Beautiful Disruptions

IMG_0529One day on a beach walk with a good friend, I told her about an e-mail I received that morning from a man I did not know. It seems I knew his brother and sister-in-law a long time ago. I watched the waves beat their way to shore, scuffed the sand with my shoe.

“He asked if it would be alright if we wrote to each other.” When I glanced at my friend, she was smiling. She said, “I have such a strong sense that from this day out, things for you will change for the better. God is up to something.”

My heart gave a hopeful little leap, then settled back to the cautious beat of one familiar with pain, disappointment and struggle. For several years all I had known was the war zone of a messy divorce and a life-threatening illness. Hope was hard to come by. But now when I look back I recognize that moment on the beach as one of God’s beautiful disruptions. Sometime later I married the man who e-mailed me and moved on to a whole new life full of love, joy and fulfillment.

Webster’s dictionary defines disruption as causing something to be unable to continue in the normal way: interrupting the usual progress or activity of something. A disruption is at first stressful because it throws things into disorder, putting us off the course we were used to. But God has a way of disrupting lives that opens up possibilities never imagined, even if at the time the disruption is unwelcome.

The scriptures are full of beautifully disrupted stories where God suddenly steps in to redirect the current path of someone He wants to use to fulfill His purposes. In Exodus 3, Moses has spent many years tending his father-in-law’s flock on the far side of the desert. God captures Moses’ attention when He speaks from a burning bush. He sends Moses on a mission back to Egypt to free the Israelites from slavery. As a country herdsman spending days on end with only sheep for company, Moses’ life is beautifully disrupted when he becomes God’s chosen instrument to lead His people to freedom.

As a lowly shepherd boy on the hills around Bethlehem, David was unlikely to be chosen for any significant role. But God changed David’s life by sending His prophet, Samuel, to anoint him as the future king of Israel. God’s beautiful disruption caused David to become a mighty king, a “man after God’s own heart” (Acts 13:22 NIV) and a forefather of Jesus, the Messiah.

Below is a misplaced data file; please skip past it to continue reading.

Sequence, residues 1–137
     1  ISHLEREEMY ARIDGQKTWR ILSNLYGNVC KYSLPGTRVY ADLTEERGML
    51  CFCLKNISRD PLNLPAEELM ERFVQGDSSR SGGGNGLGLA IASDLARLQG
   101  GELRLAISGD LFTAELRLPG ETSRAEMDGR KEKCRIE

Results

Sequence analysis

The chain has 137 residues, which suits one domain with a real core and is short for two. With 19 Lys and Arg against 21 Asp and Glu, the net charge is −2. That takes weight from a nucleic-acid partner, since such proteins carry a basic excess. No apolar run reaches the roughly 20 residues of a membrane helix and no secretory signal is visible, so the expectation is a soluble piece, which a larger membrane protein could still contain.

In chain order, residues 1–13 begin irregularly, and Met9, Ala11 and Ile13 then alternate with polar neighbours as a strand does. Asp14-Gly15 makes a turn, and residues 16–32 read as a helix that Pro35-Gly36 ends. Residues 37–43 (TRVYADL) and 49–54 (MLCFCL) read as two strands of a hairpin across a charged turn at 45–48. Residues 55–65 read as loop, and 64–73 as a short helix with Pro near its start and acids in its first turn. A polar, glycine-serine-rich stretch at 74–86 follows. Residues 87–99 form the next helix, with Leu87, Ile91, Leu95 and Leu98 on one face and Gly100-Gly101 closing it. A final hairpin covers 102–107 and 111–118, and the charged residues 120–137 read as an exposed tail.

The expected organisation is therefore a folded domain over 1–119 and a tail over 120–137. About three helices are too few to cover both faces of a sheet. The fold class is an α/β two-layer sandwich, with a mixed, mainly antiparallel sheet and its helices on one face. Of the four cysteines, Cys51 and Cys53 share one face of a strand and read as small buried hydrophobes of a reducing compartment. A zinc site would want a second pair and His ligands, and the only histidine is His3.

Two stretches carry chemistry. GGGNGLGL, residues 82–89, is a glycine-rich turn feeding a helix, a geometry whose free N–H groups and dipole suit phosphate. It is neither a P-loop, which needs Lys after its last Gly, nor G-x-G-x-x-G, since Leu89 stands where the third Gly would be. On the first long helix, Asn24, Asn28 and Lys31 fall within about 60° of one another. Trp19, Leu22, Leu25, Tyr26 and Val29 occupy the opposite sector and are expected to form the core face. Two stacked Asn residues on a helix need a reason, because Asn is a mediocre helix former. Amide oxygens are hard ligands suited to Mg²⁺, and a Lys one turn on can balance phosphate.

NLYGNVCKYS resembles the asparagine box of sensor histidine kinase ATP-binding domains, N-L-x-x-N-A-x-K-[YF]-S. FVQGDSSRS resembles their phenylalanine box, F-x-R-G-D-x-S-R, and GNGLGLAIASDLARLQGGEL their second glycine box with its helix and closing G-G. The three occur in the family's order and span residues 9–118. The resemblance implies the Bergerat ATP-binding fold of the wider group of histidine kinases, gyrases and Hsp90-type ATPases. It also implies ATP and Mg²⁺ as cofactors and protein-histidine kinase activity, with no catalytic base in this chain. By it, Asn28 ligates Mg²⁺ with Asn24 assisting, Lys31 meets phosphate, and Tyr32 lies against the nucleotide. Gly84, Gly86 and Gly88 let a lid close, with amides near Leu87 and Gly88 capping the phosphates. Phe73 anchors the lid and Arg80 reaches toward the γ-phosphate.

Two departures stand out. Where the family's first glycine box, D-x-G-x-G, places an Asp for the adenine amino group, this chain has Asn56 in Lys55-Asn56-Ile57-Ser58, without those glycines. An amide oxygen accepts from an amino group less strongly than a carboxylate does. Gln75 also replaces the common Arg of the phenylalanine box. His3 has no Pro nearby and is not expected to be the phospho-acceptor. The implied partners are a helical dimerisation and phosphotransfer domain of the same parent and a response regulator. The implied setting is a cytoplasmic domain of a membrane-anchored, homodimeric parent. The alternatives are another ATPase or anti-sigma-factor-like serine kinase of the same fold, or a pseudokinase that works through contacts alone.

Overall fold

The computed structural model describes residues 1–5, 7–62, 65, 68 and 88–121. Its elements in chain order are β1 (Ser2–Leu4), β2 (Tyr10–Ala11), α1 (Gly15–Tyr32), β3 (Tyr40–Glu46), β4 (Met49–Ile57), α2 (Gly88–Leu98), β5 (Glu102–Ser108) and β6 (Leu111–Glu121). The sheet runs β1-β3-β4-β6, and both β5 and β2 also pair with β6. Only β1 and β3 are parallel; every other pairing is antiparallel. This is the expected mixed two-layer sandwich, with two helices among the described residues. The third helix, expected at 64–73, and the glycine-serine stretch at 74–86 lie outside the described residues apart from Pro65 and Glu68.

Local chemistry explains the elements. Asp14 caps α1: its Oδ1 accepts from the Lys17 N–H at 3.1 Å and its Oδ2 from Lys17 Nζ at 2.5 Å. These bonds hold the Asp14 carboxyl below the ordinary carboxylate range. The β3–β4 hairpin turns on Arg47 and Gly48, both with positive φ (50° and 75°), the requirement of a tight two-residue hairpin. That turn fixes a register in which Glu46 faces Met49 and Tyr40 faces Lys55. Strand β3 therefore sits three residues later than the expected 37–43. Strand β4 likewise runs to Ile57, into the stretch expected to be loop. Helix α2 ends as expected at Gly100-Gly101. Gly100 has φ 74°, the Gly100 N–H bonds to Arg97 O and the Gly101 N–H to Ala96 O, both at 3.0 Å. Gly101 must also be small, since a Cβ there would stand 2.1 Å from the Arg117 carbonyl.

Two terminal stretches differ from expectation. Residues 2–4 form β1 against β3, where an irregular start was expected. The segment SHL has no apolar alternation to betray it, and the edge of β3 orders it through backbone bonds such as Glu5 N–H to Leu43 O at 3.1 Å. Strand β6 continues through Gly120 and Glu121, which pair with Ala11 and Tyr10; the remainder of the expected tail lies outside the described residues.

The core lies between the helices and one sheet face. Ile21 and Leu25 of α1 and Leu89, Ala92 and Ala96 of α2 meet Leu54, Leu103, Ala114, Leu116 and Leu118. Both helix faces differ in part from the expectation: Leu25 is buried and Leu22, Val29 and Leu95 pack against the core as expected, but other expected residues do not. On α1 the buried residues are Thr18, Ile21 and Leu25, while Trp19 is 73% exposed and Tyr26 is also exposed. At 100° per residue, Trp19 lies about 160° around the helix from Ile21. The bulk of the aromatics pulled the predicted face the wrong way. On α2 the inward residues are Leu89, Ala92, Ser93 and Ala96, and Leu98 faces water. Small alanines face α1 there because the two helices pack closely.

In the most glorious disruption of all, a Jewish peasant girl is visited by an angel announcing she is to give birth to the Son of God. “How will this be,” Mary asked the angel, “since I am a virgin?” (Luke 1:34) Through the power of the Holy Spirit, she becomes the mother of Jesus, God in human flesh, whose life, death and resurrection provides salvation for all who believe in Him.

Sometimes God reveals Himself to me in subtle ways. To be honest, I would prefer He direct me slowly and gently. But when I think of the mountaintops of my spiritual walk, it is the beautiful disruptions that stand out. Those times when God breaks suddenly into my mundane life speak of a love so great He would do the extraordinary to capture my attention. Such beautiful disruptions cause me to exclaim, only God.
Only God could orchestrate so many details to fulfill His purposes.
Only God interrupts by making me breathless with His beauty and majesty.
Only God beautifully disrupted time by stepping down from eternity to live among us.

©Valerie Ronald and scriptordeus 2015. Unauthorized use and/or duplication of this material without express and written permission from this blog’s author and/or owner is strictly prohibited. Excerpts and links may be used, provided that full and clear credit is given to Valerie Ronald and scriptordeus with appropriate and specific direction to the original content.

The Vigil

    The burning sun beat mercilessly down on Rizpah’s bowed head. She pulled a corner of  rough gray sackcloth over her head and continued to fan a palm branch over the bodies of her two sons and the five sons of Merab.  Well past the beginning of harvest, the heat of the sun and drought-dry air had reduced their strong young bodies to shriveled shells within their shrouds; still she would not let any bird or animal desecrate their remains. She moaned and rocked as she fanned away the flies, mourning her children, pouring out her heart to the Lord God who had brought her to this barren rock.